Collaboration: col, meaning together; laborare, meaning work. Together work. But, the goal of collaboration is not collaboration, to get along, or to share hard-won expertise.
Collaboration is an effort by a group to produce greater results.
When deciding whether collaboration will produce greater results, Dr. Morten Hansen, the author of the 2009 book Collaboration*, encourages us to ask: “[Assuming we could do collaboration within our company well,] what is the potential for innovation, sales, and operations?” In other words, make it a mandate to construct a business case to determine collaboration value, taking into account: 1) Opportunity Costs. “What else could we do with the time, effort, and resources [we’re putting into this]?” and 2) Collaboration Costs. Delays, budget overruns, poor quality, and lost sales.
Although Opportunity Costs are generally black and white, go-or-no-go indicators, hazier barriers beset Collaboration Costs. E.g., unexpected friction between people and/or teams, lack of buy-in, reluctance to share specialist information, and ego-driven leadership. Management solutions can dissolve those barriers, but Professor Hansen states that when these barriers are high, in many cases it is better to work independently to attain the results needed. Hansen’s recommendation is to focus on “Disciplined Collaboration”.
Disciplined Collaboration is knowing when – and when not – to collaborate.
Disciplined Collaboration depends on you and I knowing the difference between good and bad collaboration. The essence of good collaboration is a solid business case, clear responsibilities, good communications, and leaders whose egos are in check and who get measured on collaboration performance. Generally, bad collaboration is over-collaboration brought on by a lousy project, endless meetings, and tenuous assumptions. E.g., Acquisitions are often made on assumptions that people from the two companies will gladly work together … a too common, costly mistake made by many out-of-touch c-suites.
The book has three simple but incisive sections.
Section 1) Opportunities & Barriers: Professor Hansen examines and clarifies what happens when ‘together work’ works. E.g., how President Kennedy used collaboration to put a man on the moon; the hundreds of collaborative teams at P & G, who, since 1837, have made a point of creating the next leading product using previous research findings.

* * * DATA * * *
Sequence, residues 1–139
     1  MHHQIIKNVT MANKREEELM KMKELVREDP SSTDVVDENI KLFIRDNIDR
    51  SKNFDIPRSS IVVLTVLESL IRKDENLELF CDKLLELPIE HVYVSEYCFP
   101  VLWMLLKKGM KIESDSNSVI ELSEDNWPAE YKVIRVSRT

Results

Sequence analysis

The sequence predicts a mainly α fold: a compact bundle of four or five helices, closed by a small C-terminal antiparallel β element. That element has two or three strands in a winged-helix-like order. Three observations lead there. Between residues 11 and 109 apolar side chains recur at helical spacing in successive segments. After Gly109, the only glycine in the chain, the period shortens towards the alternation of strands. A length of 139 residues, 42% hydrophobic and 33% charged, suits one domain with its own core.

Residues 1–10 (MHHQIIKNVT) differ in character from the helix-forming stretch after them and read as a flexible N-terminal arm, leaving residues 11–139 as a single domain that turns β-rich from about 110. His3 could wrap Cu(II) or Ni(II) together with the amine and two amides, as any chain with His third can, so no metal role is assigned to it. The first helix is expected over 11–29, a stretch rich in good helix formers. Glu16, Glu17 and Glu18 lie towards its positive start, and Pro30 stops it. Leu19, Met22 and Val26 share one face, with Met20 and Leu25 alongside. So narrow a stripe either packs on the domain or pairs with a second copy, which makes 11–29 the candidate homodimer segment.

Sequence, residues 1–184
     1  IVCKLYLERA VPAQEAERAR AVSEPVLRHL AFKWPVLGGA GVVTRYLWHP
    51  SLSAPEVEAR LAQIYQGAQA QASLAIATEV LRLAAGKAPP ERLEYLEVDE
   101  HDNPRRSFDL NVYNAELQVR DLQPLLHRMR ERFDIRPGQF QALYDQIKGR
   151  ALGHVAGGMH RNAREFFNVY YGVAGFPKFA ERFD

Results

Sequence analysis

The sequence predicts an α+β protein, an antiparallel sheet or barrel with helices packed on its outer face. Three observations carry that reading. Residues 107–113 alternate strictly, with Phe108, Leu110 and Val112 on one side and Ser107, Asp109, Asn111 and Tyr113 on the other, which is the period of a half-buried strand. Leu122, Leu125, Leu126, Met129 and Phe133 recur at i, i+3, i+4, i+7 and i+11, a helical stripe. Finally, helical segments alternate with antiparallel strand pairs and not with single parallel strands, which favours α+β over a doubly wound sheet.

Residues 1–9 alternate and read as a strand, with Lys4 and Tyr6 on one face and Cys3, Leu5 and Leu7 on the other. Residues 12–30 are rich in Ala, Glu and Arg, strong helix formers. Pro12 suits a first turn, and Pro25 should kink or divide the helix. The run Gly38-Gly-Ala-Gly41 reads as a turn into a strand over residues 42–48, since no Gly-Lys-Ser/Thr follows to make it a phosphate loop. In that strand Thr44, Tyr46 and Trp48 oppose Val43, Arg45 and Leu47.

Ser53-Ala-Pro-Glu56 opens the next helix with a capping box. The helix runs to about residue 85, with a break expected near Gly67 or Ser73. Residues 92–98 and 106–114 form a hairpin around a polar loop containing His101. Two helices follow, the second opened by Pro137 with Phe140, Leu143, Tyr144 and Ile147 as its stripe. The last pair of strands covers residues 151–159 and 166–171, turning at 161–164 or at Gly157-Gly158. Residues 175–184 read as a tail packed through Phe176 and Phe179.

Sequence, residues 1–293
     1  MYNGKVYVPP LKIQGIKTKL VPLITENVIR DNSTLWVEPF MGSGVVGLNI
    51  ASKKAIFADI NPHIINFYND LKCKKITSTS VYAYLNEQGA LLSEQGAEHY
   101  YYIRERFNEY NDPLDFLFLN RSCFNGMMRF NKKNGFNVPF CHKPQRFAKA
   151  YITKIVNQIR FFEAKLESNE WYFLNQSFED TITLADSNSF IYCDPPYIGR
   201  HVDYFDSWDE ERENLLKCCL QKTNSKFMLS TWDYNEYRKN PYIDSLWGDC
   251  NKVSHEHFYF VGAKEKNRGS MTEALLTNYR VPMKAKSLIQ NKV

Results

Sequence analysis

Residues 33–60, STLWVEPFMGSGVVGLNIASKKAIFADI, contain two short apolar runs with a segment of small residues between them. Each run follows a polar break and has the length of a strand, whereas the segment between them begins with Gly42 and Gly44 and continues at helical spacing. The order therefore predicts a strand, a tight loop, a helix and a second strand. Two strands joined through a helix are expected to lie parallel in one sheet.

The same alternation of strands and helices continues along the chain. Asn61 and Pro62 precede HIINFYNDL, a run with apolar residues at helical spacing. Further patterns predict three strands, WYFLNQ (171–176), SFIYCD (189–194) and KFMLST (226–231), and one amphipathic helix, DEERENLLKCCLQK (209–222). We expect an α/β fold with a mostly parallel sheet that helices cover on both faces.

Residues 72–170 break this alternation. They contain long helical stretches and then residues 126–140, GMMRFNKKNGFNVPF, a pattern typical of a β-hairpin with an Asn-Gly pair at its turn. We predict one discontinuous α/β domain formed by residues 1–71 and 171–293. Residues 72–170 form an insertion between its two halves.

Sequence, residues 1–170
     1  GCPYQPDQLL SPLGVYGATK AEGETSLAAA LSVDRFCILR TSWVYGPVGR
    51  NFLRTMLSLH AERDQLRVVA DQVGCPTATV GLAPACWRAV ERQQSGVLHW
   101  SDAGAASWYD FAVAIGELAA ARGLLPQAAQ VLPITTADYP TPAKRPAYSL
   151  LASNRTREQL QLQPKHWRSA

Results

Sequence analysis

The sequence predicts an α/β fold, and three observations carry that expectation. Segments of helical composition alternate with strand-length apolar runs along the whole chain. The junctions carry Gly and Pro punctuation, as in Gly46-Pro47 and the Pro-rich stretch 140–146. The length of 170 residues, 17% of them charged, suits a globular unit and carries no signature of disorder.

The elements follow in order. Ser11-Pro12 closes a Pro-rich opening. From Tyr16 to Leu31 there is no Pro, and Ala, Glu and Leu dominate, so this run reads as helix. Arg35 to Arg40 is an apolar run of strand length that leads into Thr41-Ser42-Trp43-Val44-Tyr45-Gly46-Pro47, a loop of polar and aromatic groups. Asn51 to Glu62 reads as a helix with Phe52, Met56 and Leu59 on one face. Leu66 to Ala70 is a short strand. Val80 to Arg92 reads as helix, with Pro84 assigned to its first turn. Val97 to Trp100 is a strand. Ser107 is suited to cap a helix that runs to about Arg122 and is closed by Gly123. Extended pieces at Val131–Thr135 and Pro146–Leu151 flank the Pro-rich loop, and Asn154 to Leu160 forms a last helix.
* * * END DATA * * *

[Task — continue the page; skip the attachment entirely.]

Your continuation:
Hansen then delves into Barriers, the ‘why, when and where’ of bad collaboration, such as: Sony’s fragmented approach to a digital music player called ‘Connect’ which was easily guttered by the smooth, cohesive, road-roller effort behind Apple’s iPod that was already winning in the marketplace; the abysmal state, pre-9/11, of inter-intelligence communications between the FBI, CIA, Immigration & Naturalization, National Security, Defence Intelligence, State Department, National Reconnaissance, Federal Aviation Authority, White House Counterterrorism Security Group, and National Security Advisor. It is clear in Hansen’s mind; the fiefdoms and silos of decentralization permitted 9/11.
Section 2) Solutions: The resolutions and strategies are highly relevant and easy to take on: a) Unifying people, b) Cultivating T-shaped management that rewards both independent results and cross-unit contributions, c) Building ‘Nimble Networks’ across the organization.
Section 3) Personal Challenge: This frank section tells us exactly how we can become great collaborative leaders. Hansen includes a superb measuring tool that allows us to uncover our individual and private obstacles. (p. 161)
Throughout the book, numerous determining tools, tables and diagrams support premises, provide insight and offer practical advice. Additionally, the book is an absolute pleasure to read … jargon-less, concise and wonderfully free of any attempts to impress us with its belief-shattering, counter-intuitive findings. So, slip the best management book we’ve read in a while into your summer reading, or between your eyes and thumb fad pad.
* M. T. Hansen (2009). Collaboration – How Leaders Avoid the Traps, Create Unity, and Reap Big Results. Boston: Harvard Business Press